She Spent 14 Years Capturing The World’s Most Ancient Trees In Breathtaking Photos

Did you know that there are ancient trees on our planet that are thousands and thousands of years old?

Be honest. When was the last time you had a good look at the trees in your garden, or around your neighborhood? The ones on your way to school or work, or along your daily walking route. Have you ever had time to admire the trees that you generally see on your way? For many of us, the answer is ‘no.’

Most of us are very busy with our daily schedules. We don’t have time to pay attention to what we consider to be trivial things. When we travel, most of us are on our phones. We receive business calls, urgent notifications, constant check-ups on Facebook, a casual scroll through Instagram and many people don’t even see the face of the person seated right next to them on a bus. So, naturally they don’t see the trees or flowers.

The saying “stop and smell the roses” applies to many avenues, and can be used to appreciate anything in nature. Like massive ancient trees, for example.

Beth Moon is a photographer based in San Francisco. She has been searching for the world’s oldest trees for almost two decades. For 14 years, she has traveled all around the world to capture the most magnificent trees that grow in remote locations and appear as if they might be as old as the earth itself.

“Standing as the earth’s largest and oldest living monuments, I believe these symbolic trees will take on a greater significance, especially at a time when our focus is directed at finding better ways to live with the environment” writes Moon in her artist statement.

Sixty of Beth Moon’s duotone photos were published in a book titled “Ancient Trees: Portraits Of Time”. Here you can have a sneak preview of the book, full of strangest and most magnificent trees ever.

Avenue of the Baobabs

The dirt road linking Morondava and Belo Tsiribihina in Madagascar is framed by dozens of rare and ancient baobab trees creating a setting so beautiful and unique that it may become the country’s first official natural monument.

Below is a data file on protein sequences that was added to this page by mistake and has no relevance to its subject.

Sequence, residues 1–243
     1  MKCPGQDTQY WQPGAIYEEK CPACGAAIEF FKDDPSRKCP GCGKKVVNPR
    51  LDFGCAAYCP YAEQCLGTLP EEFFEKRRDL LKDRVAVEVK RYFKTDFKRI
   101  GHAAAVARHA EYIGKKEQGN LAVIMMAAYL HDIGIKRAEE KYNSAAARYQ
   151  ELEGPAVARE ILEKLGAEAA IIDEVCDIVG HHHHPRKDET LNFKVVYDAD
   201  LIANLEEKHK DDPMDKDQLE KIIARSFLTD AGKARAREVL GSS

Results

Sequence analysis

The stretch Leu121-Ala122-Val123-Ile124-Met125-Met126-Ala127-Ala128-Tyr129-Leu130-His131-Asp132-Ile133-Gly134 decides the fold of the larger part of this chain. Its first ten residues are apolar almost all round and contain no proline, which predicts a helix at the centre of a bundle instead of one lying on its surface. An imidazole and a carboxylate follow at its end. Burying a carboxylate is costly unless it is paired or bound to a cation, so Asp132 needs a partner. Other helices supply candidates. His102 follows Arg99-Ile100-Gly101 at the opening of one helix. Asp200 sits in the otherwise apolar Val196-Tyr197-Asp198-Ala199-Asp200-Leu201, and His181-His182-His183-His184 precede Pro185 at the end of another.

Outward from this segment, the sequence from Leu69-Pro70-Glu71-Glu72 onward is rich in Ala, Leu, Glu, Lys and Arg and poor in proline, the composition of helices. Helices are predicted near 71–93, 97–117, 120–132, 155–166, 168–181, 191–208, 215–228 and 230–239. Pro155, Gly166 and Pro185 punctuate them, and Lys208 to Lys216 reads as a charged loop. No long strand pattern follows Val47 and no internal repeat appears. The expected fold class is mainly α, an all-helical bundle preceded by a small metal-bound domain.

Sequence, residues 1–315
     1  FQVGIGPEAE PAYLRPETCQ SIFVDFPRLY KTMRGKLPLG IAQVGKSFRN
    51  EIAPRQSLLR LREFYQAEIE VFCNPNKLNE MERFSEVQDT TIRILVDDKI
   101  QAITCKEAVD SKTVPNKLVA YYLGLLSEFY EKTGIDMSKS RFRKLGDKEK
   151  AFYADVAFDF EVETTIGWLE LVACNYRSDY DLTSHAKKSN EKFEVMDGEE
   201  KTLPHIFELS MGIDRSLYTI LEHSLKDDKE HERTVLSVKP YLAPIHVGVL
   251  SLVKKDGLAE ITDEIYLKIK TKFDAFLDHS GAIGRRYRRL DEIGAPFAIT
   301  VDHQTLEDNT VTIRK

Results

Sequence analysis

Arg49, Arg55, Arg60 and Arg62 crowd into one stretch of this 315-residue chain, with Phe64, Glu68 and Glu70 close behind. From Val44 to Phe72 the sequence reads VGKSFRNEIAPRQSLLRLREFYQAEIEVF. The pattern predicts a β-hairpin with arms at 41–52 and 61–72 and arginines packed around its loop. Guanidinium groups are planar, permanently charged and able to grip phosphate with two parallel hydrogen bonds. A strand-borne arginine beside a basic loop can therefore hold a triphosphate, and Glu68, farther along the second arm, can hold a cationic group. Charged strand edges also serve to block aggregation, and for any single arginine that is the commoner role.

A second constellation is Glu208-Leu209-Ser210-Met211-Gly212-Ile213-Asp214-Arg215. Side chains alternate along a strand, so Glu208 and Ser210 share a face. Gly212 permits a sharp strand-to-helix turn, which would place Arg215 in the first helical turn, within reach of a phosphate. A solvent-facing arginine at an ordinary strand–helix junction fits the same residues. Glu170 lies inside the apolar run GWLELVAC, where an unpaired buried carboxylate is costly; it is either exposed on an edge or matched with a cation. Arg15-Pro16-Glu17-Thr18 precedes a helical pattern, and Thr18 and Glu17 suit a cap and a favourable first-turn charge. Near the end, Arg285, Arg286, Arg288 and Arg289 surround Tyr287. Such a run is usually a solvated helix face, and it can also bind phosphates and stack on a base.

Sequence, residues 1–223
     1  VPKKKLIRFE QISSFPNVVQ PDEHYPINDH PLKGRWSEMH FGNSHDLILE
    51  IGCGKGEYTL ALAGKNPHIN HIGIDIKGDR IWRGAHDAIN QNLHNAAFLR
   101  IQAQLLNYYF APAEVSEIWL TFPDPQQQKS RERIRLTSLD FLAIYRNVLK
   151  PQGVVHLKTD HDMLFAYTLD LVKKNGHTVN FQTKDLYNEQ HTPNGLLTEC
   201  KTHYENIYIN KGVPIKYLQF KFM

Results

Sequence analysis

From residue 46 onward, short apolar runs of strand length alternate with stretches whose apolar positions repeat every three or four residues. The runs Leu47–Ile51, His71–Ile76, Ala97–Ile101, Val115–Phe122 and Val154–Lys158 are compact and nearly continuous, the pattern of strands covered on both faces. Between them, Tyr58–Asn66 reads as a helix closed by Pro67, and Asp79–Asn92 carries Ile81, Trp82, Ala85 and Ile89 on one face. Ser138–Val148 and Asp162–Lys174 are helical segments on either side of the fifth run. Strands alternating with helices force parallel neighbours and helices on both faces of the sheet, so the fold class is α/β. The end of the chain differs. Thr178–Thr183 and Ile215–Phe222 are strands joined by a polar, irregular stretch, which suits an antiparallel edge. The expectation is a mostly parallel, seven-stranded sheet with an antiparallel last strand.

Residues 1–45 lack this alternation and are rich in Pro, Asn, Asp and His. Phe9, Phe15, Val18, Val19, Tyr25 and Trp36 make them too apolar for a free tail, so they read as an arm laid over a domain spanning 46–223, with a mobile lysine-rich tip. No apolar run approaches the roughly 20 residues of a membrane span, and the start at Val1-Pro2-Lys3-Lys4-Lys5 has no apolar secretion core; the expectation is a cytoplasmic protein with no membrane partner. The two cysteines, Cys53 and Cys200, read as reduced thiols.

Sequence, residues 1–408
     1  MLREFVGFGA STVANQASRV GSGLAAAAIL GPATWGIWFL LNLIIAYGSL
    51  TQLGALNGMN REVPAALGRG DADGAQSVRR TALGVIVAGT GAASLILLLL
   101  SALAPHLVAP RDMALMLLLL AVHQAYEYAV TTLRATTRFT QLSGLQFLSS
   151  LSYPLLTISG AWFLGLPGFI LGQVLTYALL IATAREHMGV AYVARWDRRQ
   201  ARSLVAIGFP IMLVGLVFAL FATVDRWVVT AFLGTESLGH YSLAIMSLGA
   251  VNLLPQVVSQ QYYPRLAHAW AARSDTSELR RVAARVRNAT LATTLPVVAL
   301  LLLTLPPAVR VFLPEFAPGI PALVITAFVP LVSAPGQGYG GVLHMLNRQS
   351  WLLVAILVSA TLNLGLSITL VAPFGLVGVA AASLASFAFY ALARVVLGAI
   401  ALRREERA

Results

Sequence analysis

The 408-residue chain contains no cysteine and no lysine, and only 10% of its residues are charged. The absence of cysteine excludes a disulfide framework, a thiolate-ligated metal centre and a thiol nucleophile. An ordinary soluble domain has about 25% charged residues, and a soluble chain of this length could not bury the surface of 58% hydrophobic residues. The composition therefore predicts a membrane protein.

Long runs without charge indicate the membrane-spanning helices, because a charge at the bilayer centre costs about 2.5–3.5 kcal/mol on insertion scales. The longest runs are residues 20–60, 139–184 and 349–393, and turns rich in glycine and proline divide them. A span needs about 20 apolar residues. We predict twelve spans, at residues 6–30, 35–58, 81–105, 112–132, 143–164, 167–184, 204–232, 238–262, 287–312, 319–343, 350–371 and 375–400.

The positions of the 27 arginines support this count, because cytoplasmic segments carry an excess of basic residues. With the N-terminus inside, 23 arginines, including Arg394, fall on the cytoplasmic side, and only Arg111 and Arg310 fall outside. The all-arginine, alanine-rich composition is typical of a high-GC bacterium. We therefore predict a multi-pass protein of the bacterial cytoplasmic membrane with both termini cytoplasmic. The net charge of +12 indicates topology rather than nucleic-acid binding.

The Bufflesdrift Baobab

This massive tree near Lephalale, Limpopo, is one of South Africa’s five biggest baobab trees and is over 800 years old.

Yews of Wakehurst Place

Ancient Yews growing along the tops of these cliffs in Ardingly, England, United Kingdom, have some remarkable exposed tree roots cascading over the rock formation.

Heart of the Dragon

The Socotra dragon tree or dragon blood tree, is a dragon tree native to the Socotra archipelago, part of Yemen, located in the Arabian Sea. It is so called due to the red sap that the trees produce.

The Ifaty Teapot

The tree is thought to be 1200 years old, and has the ability to store more than 31000 gallons of water. Toliara, Madagascar

Rilke’s Bayon

The temples of Angkor Wat in Cambodia represent one of man’s most astonishing and enduring architectural achievements. Today, the temples exist in a neglected, semi-ruined state. The religious monuments have been left as they were found, preserved as an example of what an untamed tropical forest will do to an architectural monument when human hands are withdrawn.

For those who are curious, the oldest stand alone tree that we know about is a species of Pinus Longaeva that is 5,062 years old, and the oldest clonal tree is Pando, which is estimated to be at least 80,000 years old.

For more information, check out Beth Moon’s website.